Like communities across the state, Turlock is struggling with limited water resources, evident by the loss of two shallow irrigation wells in the North East part of town where the water tables dropped to 96 feet.
"We're doing what we can to get at least one of them back online, we hope, by the end of the week," said Garner Reynolds, the city’s regulatory affairs manager, in a report to the Turlock City Council on Tuesday.
The wells are part of a non-potable water system and as a result the area will turn severely brown said Reynolds. As a city entirely reliable upon groundwater, issues such as these can hit Turlock hard.
"Water reliability continues to be my top priority," said Mayor Gary Soiseth in response to the well issue. "We are committed to working regionally on reducing our city's reliance on groundwater through conservation and the diversification of our drinking water source."
The City of Turlock faced similarly severely low groundwater levels during the drought in 1986, though the groundwater basin was able to recover in the early 1990s due to adequate snowfall. As drought conditions ease, aquifers can rebound but in the meantime encouraging water customers to use water efficiently is extremely important states the water report delivered Tuesday to the City Council.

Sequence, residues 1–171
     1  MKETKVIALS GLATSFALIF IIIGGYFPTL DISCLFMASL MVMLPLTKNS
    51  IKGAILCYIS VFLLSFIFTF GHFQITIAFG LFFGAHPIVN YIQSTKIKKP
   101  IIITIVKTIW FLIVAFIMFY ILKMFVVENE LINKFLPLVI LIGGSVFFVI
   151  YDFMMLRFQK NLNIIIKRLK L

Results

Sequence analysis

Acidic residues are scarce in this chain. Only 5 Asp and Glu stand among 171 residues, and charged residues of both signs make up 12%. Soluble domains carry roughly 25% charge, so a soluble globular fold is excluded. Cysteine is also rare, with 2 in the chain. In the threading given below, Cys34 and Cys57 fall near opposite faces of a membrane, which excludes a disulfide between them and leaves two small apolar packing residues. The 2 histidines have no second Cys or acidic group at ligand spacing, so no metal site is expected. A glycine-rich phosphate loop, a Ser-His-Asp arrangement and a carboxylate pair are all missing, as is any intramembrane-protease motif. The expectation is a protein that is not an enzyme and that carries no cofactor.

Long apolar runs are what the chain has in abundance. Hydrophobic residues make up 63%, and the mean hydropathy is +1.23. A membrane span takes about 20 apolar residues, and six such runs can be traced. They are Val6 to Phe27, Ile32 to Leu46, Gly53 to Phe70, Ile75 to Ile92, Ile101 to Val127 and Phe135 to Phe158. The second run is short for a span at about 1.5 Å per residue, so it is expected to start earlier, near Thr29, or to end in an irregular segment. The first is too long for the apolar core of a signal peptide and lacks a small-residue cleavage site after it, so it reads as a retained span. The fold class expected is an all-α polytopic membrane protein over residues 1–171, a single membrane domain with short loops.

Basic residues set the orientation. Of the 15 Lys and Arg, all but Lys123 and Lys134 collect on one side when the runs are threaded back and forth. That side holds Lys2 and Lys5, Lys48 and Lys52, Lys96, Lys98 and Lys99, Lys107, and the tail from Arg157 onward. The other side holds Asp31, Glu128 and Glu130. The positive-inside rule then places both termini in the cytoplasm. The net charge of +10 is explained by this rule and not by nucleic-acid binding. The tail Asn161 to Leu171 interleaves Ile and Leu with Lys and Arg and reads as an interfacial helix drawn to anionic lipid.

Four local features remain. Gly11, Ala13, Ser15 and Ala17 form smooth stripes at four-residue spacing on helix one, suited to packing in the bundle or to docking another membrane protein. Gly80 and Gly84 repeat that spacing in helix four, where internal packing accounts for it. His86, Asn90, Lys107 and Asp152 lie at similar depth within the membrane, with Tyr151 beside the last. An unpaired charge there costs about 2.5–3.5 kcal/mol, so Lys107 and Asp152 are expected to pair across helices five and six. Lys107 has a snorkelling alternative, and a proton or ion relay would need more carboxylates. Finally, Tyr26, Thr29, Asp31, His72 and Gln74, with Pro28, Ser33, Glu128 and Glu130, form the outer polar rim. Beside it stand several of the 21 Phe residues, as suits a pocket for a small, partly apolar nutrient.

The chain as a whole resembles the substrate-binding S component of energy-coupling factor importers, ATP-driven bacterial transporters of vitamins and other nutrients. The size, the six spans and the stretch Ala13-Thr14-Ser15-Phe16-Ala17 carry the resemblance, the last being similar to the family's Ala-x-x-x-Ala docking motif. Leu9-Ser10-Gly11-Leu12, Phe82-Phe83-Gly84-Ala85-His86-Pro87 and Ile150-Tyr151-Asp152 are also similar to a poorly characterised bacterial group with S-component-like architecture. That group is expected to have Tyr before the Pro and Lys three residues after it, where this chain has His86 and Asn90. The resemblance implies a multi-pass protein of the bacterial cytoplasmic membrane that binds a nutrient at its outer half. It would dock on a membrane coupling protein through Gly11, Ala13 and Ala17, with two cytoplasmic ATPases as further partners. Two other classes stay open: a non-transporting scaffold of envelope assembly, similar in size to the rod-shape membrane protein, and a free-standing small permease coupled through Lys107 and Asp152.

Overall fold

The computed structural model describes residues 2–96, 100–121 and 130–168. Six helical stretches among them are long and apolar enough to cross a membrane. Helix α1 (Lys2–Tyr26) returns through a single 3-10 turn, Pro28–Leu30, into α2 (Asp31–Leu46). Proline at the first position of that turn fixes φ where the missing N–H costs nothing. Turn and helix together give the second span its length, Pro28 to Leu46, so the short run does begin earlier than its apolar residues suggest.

The Turlock Unified School District, which like Turlock residents is limiting its watering to two days of week, has been partnering with the City alongside the Turlock Irrigation District and California State University, Stanislaus to spread the word about conservative watering practices.
CSUS, which is on a non-potable water system, has met its 25 percent mandated reduction Reynolds stated Tuesday evening. The University uses water from its reflection pond to irrigate and is presently working on a filtration system for their cooling system to further add into irrigation practices. The City has also halted watering the medians on Monte Vista Avenue and Christoffersen Parkway.
The browning of lawns at Medic Alert, Emanuel Medical Center, TUSD, and the City of Turlock parks were recognized in the water report as a testament to the community's commitment to conservation.